Pieces, Puzzles, and …

It’s been a thing, my entire life;

Not fitting.

Which is difficult for a member of a species that bases much of its survival on the ability to stick together.

(Yeah, we have imagination, and bipedalism going for us, but mainly we look out for one another. That’s how we make it through in a world that would be indifferent about killing and eating us.)

I have never felt like I fit in, anywhere.

In truth, I probably haven’t.

In any fair assessment, I am the oddest of my sibling group. And that usually holds true for whatever peer group I encounter.

I say “encounter” because my peer group, as it stands now, has generally been cobbled together with other oddballs I’ve run into along the road. We’re something like a tiny tribe, but even then, we don’t fit together well most of the time. And it’s taken me my entire life, bouncing from one group to another, never able to find a home, to find these crazed fools I call my family.

(And those two things together ask the question: does nurture = destiny? Let me know if you figure it out.)

All that is to say, coming up on 40, I don’t have a single fucking clue what my place is in this fun-house ride we call life.

So many of the things I’m good at and do are done so much better by so many other people. So, if there is a purpose to all of this, I haven’t found it there.

I had a friend, recently in her blog, talk about embracing a life that was not conventionally what she had in mind when she was younger.

And if you asked me, when I was younger, what I thought my life should be like at anything near my present age, the truth is, I wouldn’t have been able to tell you. I didn’t have plans. I figured I’d probably go to college. Check (Albeit much later in the timeline than I expected.) Figured I’d probably be married. Also Check, but also much later. Most importantly, I thought I’d know by now.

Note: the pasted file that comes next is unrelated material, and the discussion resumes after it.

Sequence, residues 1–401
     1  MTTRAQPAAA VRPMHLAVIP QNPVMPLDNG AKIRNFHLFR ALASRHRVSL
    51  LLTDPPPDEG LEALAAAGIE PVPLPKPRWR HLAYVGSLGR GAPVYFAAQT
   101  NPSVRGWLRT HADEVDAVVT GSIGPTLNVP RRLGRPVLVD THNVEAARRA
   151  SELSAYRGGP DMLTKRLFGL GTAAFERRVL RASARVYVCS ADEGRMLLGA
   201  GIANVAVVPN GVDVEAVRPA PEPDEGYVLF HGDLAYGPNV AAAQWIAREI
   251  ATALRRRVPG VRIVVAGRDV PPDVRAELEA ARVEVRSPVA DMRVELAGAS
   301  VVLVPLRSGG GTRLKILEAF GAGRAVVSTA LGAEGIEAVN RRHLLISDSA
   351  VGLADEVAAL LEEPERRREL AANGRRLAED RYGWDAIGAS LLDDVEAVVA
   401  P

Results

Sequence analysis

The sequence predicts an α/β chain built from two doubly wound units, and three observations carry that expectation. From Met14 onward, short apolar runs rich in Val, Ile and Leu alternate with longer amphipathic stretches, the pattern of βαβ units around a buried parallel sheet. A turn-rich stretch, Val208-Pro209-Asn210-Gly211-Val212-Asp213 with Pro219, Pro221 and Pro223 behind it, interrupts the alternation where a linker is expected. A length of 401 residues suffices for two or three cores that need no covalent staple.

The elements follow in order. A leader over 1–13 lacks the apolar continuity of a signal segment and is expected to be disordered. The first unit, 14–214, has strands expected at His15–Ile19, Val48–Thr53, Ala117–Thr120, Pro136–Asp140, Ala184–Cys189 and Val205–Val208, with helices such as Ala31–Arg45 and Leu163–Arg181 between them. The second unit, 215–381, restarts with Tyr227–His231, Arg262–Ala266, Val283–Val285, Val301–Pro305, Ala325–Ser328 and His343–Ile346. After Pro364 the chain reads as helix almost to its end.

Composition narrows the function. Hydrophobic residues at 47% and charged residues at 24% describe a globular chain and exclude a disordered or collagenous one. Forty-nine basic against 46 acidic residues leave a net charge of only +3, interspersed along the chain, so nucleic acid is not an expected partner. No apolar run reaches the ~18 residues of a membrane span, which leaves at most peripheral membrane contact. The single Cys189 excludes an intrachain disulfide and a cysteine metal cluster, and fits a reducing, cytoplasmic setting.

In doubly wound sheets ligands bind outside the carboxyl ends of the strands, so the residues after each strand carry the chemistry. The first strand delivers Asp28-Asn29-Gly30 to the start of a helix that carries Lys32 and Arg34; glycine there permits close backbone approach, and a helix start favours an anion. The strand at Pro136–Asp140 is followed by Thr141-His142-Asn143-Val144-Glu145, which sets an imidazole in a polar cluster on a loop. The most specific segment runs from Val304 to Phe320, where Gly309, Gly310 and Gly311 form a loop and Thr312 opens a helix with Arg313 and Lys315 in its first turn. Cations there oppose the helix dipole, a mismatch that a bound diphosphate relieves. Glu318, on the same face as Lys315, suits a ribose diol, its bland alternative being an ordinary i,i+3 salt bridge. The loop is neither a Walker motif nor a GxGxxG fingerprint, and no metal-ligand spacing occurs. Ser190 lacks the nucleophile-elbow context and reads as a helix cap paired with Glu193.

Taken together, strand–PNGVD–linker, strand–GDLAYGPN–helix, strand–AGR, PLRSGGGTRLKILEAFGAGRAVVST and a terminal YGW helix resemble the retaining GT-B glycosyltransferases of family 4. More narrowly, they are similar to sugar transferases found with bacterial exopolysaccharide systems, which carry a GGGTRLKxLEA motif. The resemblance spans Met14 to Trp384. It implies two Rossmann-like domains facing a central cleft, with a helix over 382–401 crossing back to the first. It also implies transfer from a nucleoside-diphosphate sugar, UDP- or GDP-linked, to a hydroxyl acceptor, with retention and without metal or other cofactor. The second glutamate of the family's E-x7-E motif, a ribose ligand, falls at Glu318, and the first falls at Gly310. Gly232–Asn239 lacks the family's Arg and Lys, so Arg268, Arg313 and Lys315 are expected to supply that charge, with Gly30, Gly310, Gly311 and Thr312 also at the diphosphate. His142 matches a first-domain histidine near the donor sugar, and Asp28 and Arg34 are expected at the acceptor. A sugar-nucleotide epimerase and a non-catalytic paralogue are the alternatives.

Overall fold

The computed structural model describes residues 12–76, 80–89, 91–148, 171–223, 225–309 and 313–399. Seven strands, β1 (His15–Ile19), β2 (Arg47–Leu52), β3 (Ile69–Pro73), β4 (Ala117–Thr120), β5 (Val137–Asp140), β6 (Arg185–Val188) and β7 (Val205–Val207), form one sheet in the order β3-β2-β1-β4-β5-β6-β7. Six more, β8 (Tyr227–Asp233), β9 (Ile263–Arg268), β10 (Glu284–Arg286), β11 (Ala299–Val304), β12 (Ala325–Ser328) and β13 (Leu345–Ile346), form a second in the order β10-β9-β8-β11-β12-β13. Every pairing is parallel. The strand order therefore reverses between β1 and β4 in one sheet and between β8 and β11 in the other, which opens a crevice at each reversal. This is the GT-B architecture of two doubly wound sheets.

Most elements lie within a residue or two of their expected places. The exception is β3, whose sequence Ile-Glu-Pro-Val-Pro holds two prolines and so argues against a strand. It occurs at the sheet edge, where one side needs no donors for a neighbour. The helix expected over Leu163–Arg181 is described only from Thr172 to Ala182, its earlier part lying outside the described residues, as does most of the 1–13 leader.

You see, I’ve never quite felt like my life had a purpose.

(And I’ll bet most of the populace feels the same way, contrary to what movies and self-help gurus would have us believe.)

Purpose, for our purposes, means direction. I know some people think of it as meaning, but the meaning comes from feeling like one has a direction. It’s easy to get those mixed up.

Now, my blogging friend – who I’m certain doesn’t read this blog –  said that she relies on her faith for comfort in walking an unknown, or at least not-planned-for, path.

I say good for her. Everybody needs something.

Usually, I need a drink.

But really, as an Atheist, I don’t much believe in predestination, or any grand, cosmic plan.

I get to sit with my discomfort and doubt.

I sit, and watch, and try to understand it.

And I get on with my day – often slower than I’d like. And definitely not in the rhythm of the regular world.

For good or ill, I feel like a spinning compass that never points north. I feel like the piece that has never fit.

I don’t think I ever will.

In a strange way, that’s my place – the place where I fit is in the not fitting.

(It’s polar thinking; one thing implying the existence of its opposite in order to generate the whole. There needing to be a Back in order to have a Front, that kind of thing. Valid reasoning.)

It’s not comforting, feeling like the stone in the washing machine; that tiny fragment of bone in your hamburger, that one inflamed taste bud that makes you exquisitely aware of your entire tongue.